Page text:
Italy, united in 1861, has significantly contributed to the cultural and social development of the entire Mediterranean area. Many cultures and civilizations have existed there since prehistoric times.”  11111.png 222222.png

“The name Italy (Italia) is an ancient name for the country and people of Southern Italy. Mythological roots of the name date back to a legendary ancient king named 'Italus', though a more likely origin may be from ancient Oscan VÍTELIÚ, meaning "land of young cattle", as Italy was a land rich in cattle since ancient times. The name Italia was imposed upon the Roman Republic by the conquering Italic tribes of the contemporary Abruzzo region, centering in the area of Corfinium (Corfinio).”


“Important relics of neolithic Italy are the Rock Drawings in Valcamonica, dating from about 8000 BC.”
333333333333333.jpg Valcamonica - Rock Drawings (Graffiti)

Copper Age

“At the same time of the appearance of metalwork, Indo-European people migrated to Italy. Approximately four waves of population from north to the Alps have been identified. A first Indo-European migration occurred around the mid-3rd millennium BC, from population who imported copper smithing. The Remedello culture took over the Po Valley.”

“The Remedello culture (Italian Cultura di Remedello) developed during the Copper Age (3rd millennium BC) in Northern Italy, particularly in the area of the Po valley. The name comes from the town of Remedello (BS) where several burials were discovered in the late 19th century.”
“The Remedello culture is associated in the traditional historiography with the first identified wave of Indo-European peoples who entered in Italy and took over the Po Valley.”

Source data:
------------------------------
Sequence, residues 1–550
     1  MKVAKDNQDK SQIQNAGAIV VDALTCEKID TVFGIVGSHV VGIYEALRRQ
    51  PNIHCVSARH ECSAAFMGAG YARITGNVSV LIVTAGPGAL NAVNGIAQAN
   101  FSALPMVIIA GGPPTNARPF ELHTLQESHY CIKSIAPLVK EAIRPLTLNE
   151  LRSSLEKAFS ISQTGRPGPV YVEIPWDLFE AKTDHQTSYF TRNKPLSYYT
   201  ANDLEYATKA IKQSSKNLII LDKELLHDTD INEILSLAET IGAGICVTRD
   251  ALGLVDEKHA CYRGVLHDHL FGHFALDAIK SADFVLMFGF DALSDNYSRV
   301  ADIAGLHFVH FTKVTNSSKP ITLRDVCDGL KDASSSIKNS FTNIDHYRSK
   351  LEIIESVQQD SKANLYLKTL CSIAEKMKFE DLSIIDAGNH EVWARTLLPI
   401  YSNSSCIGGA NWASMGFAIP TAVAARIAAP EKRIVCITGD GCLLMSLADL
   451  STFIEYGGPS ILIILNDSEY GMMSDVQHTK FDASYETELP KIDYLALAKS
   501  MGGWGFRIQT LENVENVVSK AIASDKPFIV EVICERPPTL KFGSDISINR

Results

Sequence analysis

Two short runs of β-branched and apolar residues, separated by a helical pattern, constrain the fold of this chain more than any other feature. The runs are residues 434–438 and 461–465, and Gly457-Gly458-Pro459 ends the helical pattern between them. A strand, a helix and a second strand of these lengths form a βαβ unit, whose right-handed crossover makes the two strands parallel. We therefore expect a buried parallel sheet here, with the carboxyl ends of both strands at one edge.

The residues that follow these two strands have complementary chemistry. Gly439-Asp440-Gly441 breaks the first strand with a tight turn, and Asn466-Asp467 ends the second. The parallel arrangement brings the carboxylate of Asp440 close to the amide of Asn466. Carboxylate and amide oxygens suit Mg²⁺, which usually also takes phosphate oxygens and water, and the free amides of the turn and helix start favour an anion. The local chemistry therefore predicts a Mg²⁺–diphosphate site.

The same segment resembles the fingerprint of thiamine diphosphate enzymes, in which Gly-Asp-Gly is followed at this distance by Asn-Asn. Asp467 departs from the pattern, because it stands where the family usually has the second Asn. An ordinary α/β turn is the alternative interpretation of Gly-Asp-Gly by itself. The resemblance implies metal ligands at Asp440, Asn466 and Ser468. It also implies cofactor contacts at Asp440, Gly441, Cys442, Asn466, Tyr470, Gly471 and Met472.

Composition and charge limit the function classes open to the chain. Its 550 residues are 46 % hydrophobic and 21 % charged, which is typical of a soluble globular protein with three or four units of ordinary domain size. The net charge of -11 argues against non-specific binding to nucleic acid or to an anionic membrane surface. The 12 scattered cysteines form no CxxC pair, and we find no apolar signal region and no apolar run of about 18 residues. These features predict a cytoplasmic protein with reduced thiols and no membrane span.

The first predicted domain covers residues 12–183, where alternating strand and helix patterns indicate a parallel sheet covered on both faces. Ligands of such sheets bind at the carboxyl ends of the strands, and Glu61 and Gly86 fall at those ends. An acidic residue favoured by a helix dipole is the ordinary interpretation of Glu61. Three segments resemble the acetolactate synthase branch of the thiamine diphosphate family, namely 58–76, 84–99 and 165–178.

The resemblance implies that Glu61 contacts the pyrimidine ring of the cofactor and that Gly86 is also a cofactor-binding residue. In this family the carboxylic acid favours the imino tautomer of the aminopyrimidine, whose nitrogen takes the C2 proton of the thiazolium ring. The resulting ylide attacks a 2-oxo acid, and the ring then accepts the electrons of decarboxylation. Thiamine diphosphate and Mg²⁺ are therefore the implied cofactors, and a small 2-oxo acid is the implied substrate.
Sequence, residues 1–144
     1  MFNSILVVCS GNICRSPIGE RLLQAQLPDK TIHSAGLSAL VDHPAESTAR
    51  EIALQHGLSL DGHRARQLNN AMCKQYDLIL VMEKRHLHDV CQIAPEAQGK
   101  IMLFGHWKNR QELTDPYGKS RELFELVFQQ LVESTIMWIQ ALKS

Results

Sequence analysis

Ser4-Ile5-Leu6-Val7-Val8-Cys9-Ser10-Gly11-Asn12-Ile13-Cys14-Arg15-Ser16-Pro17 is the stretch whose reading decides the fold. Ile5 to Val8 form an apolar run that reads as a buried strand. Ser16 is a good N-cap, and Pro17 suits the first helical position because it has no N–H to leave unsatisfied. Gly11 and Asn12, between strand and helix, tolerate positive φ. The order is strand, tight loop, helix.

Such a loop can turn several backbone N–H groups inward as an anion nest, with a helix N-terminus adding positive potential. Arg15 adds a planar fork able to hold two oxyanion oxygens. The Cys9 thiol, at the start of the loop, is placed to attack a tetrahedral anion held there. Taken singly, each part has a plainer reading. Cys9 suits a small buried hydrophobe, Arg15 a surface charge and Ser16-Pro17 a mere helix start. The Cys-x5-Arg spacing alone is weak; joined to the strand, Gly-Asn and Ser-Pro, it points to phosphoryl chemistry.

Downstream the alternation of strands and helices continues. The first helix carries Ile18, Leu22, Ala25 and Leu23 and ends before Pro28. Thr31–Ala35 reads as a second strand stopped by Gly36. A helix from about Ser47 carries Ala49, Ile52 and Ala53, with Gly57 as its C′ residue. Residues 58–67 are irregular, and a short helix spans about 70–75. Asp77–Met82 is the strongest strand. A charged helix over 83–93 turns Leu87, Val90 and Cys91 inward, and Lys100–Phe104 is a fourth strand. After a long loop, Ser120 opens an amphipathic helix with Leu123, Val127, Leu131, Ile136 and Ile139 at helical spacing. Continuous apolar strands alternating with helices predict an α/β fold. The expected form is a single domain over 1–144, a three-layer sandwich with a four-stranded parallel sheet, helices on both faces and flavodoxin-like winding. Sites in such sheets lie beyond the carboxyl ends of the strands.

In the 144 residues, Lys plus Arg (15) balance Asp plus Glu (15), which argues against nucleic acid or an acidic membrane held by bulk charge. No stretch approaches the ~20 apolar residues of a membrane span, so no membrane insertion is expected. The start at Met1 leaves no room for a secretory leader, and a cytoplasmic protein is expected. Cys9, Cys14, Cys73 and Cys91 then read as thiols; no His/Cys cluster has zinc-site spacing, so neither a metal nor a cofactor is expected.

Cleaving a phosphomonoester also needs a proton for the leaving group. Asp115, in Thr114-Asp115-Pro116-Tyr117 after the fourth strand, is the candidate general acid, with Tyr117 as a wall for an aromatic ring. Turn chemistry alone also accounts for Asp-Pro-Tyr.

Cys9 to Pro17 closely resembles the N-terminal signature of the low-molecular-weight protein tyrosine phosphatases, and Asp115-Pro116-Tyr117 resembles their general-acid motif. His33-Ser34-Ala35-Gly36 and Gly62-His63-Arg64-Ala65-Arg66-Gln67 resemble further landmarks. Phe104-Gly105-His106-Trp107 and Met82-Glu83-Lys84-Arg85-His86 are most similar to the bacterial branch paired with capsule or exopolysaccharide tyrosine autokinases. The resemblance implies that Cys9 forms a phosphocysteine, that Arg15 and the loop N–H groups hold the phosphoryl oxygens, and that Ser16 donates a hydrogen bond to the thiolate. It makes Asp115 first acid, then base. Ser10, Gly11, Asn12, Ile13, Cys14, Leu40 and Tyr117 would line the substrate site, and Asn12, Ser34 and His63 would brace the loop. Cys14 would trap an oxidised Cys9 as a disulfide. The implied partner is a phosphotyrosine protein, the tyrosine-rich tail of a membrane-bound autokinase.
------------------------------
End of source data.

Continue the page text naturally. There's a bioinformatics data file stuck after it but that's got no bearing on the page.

Bronze Age
“A second wave of immigration occurred from the late 3rd-early 2nd millennium BC, with tribes identified with the Beaker culture and by the use of bronze smiting, in the Padan Plain, in Tuscany and on the coasts of Sardinia and Sicily.”
“In the mid-2nd millennium BC, a third wave arrived, associated with the Terramare culture. The Terramare culture takes its name from the black earth (terremare) residue of settlement mounds, which have long served the fertilizing needs of local farmers. The occupations of the terramare people as compared with their Neolithic predecessors may be inferred with comparative certainty. They were still hunters, but had domesticated animals; they were fairly skillful metallurgists, casting bronze in moulds of stone and clay, and they were also agriculturists, cultivating beans, the vine, wheat and flax.”

The Middle Ages (6th to 14th Century)

“A brief history of Italy in the Middle Ages begins with a series of invasions. In 493, the Ostrogoths, an eastern Germanic tribe, conquered the Italian peninsula. The resulting Gothic War led to the Lombards, another Germanic tribe, establishing a kingdom in northern Italy and three regions in the South in 568. Subsequently, the popes began building an independent state. In 756, when the Franks (French) defeated the Lombards, they granted the popes authority over central Italy, and the Papal States were created. The northern states of Lombardy, Piedmont, Emilia-Romagna and Tuscany were ruled by the Germanic Holy Roman Empire from 962.”
6666666666666666666666666.gifDuring the Middle Ages, much of Italy was controlled by the Holy Roman Empire.
Unification (1814 to 1861)
“Our brief history of Italy culminates in unification. The Risorgimento was a complex process that eventually unified the different states of the Italian peninsula into the modern nation of Italy. The movement began in 1815 with a growing resentment towards the peninsula's domination by Austria.”
7777777777777777777777777777777.jpgItaly Italian unification process (Risorgimento)”

Modern Day History of Rome & Italy 88888888888888888888888888.jpg italyaaaaaaaaaa.png

“The modern-day history of Rome begins with the unification of Italy and the crowning of Vittorio Emmanuele through to the torrid days of the rule of Mussolini when Italy was thrown into a doomed colloaboration with nazi Germany.”

“The Romans made fun of the monument of Vittorio Emanuele inaugurated in 1911 in Piazza Venezia by calling it the wedding cake or the dentures (‘dentiera'). The marble monster designed in 1885 by Giuseppe Sacconi and carried out by Pio Piacentini, Manfredo Manfredi and Gaetano Koch was only finished in 1927 under the Duce. This alter dedicated to the homeland served more to divide that unite the Romans and Italians, not only regarding the judgement of it's artistic value.”ikinci.jpg ncü.png dört.png altı.png